The lead defendant in the case of the four men who in May illegally walked on the Grand Prismatic Spring in Yellowstone National Park may go to jail for violating a national park rule in Colorado, according to court records.

On Sept. 13, British Columbia resident Charles Gamble was charged with a misdemeanor count of flying a drone over Mesa Verde National Park, and he is scheduled for his arraignment in that case on Thursday. He has said he will plead guilty.

Thomas Fleener, the Laramie attorney who has been representing Gamble and three others with High on Life/SundayFundayz, wrote Friday that incarceration is possible in this case.

In a motion he filed with U.S. District Court in Colorado, Fleener asked the judge to allow him to withdraw as attorney because Gamble no longer wanted him and because Gamble is broke, which means he will need a federal public defender.

While jail is a theoretical punishment with this misdemeanor, a comment he made in his motion marks the first time incarceration is a real possibility.

"While the AUSA does not take a position in this motion, I am authorized to inform the Court that the United States may be seeking confinement in this case, thereby triggering the Defendant's right to counsel," Fleener wrote.

Fleener also has asked federal court in Wyoming to allow him to be dismissed in the Yellowstone National Park cases that drew international outrage.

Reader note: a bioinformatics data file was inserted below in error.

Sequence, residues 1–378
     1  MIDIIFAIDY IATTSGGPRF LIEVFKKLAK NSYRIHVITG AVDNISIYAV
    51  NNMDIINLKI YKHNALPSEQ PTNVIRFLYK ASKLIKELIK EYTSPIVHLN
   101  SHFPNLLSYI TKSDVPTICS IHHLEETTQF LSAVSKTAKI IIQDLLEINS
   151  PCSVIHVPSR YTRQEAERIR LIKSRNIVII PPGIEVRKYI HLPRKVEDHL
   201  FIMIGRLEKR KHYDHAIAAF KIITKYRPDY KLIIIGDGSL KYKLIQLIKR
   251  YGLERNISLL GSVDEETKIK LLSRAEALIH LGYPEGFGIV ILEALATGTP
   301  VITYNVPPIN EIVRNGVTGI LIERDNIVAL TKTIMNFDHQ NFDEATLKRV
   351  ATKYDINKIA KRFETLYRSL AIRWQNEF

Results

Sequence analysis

On Tuesday, Gamble and the other defendants -- Alexey Andriyovych Lyakh and Justis Cooper Price-Brown of British Columbia, and Hamish McNab Campbell Cross of New Zealand -- are scheduled to appear in federal court in Mammoth Hot Springs to face the charges in two cases stemming from their actions on May 14.
That day, they video-recorded themselves looking at signs telling to people to stay on the boardwalk. They then recorded themselves leaving the boardwalk and walking across the sensitive bacterial mat of the Grand Prismatic Spring.

Gamble, Price-Brown, Lyakh and Cross were charged with not staying on designated boardwalks or trails, and with creating a hazardous or physically offensive condition, according to documents filed in Wyoming U.S. District Court.

That same day, they illegally photographed images in the park for commercial purposes without a permit, and were charged on Oct. 7. The misdemeanors are punishable by up to six months in jail and a $5,000 fine.

Fleener did not say whether the federal prosecutor in Wyoming may be seeking a jail sentence for the defendants.

The defendants also allegedly have violated rules about public lands at Death Valley, California, and on U.S.  Bureau of Land Management land in Utah, but no federal charges have been filed there.